Also, I’m pretty sure you could write an entire college thesis on how the CYOA books’ interactive, non-linear nature — which strongly encourages you to keep multiple pages bookmarked as you jump back and forth between storylines or even read multiple storylines in parallel — primed an entire generation for the interactive, non-linear nature of the World Wide Web. (There are also obvious parallels to the decision-making processes that appear in so many video games these days, and are starting to emerge in other media, e.g., Netflix’s Black Mirror: Bandersnatch.)
Of the five books I bought, I enjoyed the three Packard books most. (Which shouldn’t be too surprising, given that he started the whole thing.) The Cave of Time finds you tumbling back and forth through time as you explore the titular cave. One minute, you’re encountering knights and trying to avoid the castle prison, the next, you’re running from woolly mammoths, hanging out with Abraham Lincoln as he writes the Gettysburg Address, or flung into the distant future where the sun’s dying.
Your Code Name Is Jonah is a Cold War spy tale mixed with some nascent environmental themes. As a secret agent with the Special Intelligence Group, you must track down a missing scientist and determine the meaning of a newly recorded humpback whale song before the Russians do. As befitting a 007-esque spy tale, you’ve got an arsenal of cool gadgets and weapons, there are dangerous car chases, and you’ll probably be double-crossed at least once.
Finally, there’s Hyperspace. All of the CYOA books begin with a warning against reading them straight through that also highlights the consequences of the reader’s actions: “Think carefully before you make a move! One mistake can be your last… or it may lead you to fame and fortune!” Hyperspace, however, comes with an additional warning that what you’re about to read isn’t just another CYOA book. Indeed, Hyperspace feels like Packard’s attempt to push the CYOA format to its limits.
The book begins with you meeting your next door neighbor, a brilliant scientist who’s invented a device capable of accessing hyperspace, a multi-dimensional space that connects your universe to countless others where anything’s possible. Which means that as you skip around Hyperspace’s pages, things get increasingly meta. You might meet your doppelgänger from another universe or become the figment of someone else’s imagination. You might read a CYOA book-within-a-book that’s also titled Hyperspace, encounter familiar faces from other CYOA books, or even meet Edward Packard himself.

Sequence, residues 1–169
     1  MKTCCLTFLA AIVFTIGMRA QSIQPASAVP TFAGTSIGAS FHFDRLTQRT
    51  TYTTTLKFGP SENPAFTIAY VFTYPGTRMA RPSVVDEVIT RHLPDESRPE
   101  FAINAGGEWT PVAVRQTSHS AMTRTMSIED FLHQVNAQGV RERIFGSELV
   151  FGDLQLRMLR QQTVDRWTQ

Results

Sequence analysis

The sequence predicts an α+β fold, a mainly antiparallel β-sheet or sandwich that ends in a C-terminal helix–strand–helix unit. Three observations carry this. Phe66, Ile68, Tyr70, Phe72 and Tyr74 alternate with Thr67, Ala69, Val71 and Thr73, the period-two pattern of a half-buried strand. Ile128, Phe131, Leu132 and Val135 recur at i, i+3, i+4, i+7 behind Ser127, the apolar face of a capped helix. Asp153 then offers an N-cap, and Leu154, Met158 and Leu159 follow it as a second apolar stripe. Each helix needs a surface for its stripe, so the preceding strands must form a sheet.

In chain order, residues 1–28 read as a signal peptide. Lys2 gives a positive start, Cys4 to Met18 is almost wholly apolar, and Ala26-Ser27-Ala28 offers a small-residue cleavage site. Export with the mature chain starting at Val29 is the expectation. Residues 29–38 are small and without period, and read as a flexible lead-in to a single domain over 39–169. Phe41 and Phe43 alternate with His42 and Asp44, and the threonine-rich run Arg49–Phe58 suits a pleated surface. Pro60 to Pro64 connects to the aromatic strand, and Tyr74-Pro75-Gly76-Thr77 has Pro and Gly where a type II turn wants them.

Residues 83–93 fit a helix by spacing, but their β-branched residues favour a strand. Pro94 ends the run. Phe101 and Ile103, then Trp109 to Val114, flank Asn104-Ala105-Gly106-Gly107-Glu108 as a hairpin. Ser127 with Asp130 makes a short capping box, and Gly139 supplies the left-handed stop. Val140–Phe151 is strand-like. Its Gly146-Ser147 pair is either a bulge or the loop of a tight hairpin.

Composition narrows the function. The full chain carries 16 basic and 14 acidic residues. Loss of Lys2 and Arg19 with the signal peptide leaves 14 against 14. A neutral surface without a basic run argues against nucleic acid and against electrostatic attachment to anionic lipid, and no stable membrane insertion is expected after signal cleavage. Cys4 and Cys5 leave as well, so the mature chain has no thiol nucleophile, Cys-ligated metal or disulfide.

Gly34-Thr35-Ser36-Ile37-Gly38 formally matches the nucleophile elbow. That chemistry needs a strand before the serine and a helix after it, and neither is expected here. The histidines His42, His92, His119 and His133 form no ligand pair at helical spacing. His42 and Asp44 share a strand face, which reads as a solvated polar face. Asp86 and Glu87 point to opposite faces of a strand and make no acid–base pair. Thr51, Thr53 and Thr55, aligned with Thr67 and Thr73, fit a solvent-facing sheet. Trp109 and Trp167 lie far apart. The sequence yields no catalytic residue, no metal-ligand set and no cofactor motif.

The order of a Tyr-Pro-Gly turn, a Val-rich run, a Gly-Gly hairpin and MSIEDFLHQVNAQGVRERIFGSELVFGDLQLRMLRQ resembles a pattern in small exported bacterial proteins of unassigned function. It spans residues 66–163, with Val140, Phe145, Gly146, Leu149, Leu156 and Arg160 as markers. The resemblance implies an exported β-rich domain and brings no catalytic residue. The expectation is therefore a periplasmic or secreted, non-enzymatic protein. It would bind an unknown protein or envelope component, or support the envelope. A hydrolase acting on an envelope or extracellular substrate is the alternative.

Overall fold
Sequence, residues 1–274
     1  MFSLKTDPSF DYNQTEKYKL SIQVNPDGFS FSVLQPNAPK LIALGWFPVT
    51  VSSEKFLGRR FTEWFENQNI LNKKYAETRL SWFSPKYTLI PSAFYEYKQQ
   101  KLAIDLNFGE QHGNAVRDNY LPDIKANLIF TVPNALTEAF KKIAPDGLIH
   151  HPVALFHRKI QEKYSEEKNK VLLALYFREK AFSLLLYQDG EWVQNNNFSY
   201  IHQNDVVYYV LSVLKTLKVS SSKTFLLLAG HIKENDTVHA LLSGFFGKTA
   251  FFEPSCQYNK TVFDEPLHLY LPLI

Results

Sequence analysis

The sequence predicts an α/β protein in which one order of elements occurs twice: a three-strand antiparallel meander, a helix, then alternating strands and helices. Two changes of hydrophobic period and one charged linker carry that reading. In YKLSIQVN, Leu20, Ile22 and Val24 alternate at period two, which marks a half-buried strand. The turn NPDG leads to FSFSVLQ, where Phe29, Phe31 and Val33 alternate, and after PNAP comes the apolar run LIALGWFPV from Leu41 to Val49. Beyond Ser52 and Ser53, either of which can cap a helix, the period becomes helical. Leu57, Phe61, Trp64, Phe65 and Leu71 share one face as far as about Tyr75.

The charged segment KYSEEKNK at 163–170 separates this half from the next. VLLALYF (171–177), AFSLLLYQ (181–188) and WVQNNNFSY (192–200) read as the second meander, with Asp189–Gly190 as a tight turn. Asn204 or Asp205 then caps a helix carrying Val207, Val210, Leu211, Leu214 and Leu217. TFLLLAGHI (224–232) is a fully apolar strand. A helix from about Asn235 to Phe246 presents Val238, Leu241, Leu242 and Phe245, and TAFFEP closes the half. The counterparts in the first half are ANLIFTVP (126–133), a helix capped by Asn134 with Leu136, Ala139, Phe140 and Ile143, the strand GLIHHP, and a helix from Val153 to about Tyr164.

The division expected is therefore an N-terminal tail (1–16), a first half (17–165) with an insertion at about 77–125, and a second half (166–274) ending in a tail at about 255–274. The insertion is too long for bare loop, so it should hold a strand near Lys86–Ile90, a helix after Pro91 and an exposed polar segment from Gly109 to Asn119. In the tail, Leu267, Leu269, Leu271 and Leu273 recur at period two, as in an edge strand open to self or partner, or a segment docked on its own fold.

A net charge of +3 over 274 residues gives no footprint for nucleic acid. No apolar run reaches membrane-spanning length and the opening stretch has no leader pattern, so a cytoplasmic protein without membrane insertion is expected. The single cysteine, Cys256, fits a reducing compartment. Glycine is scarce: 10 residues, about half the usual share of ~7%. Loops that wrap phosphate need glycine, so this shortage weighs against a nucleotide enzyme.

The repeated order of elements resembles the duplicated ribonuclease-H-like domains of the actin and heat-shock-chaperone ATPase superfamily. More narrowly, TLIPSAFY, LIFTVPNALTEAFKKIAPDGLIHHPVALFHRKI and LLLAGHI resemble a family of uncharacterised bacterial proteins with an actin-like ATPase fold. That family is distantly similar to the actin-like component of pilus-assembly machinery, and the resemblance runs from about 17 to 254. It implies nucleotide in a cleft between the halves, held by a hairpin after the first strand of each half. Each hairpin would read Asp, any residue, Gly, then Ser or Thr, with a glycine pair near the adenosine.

Much like the CYOA format in general, this sort of extra-meta, winking-and-nodding at the audience could be cheesy. But I really enjoyed it, in part because it feels rather subversive of Packard to take such an approach in a book aimed squarely at grade schoolers. In other words, Hyperspace might’ve been some 5th grader’s first exposure to postmodern metafiction. I don’t recall reading Hyperspace as a kid, but if I had, I probably would’ve dismissed it as being too weird. Or, it might very well have blown my young mind.
Speaking of subversive, one of the things I love most about these CYOA books is just how twisted the “bad” endings can get. While you inherently want to reach a “good” ending — e.g., arriving safely back in your own time or universe, deciphering the humpback whales’ message — the “bad” endings are just as entertaining to read. And doubly so when you consider they were intended for pre-teens.
The “bad” endings in Your Code Name Is Jonah are the most straightforwardly violent, e.g., getting shot by KGB agents. But you might also get run over by a Russian sub, drown in the ocean, or even get fired for failing to carry out your duties. The Cave of Time’s “bad” endings are a bit more creative, including being eaten by the Loch Ness Monster. My favorite involves you trying, and failing, to ride a woolly mammoth, and your remains being discovered thousands of years later by the famous paleontologist Dr. Carleton Frisbee — who is subsequently “amazed at how closely you resemble a twentieth-century human being.”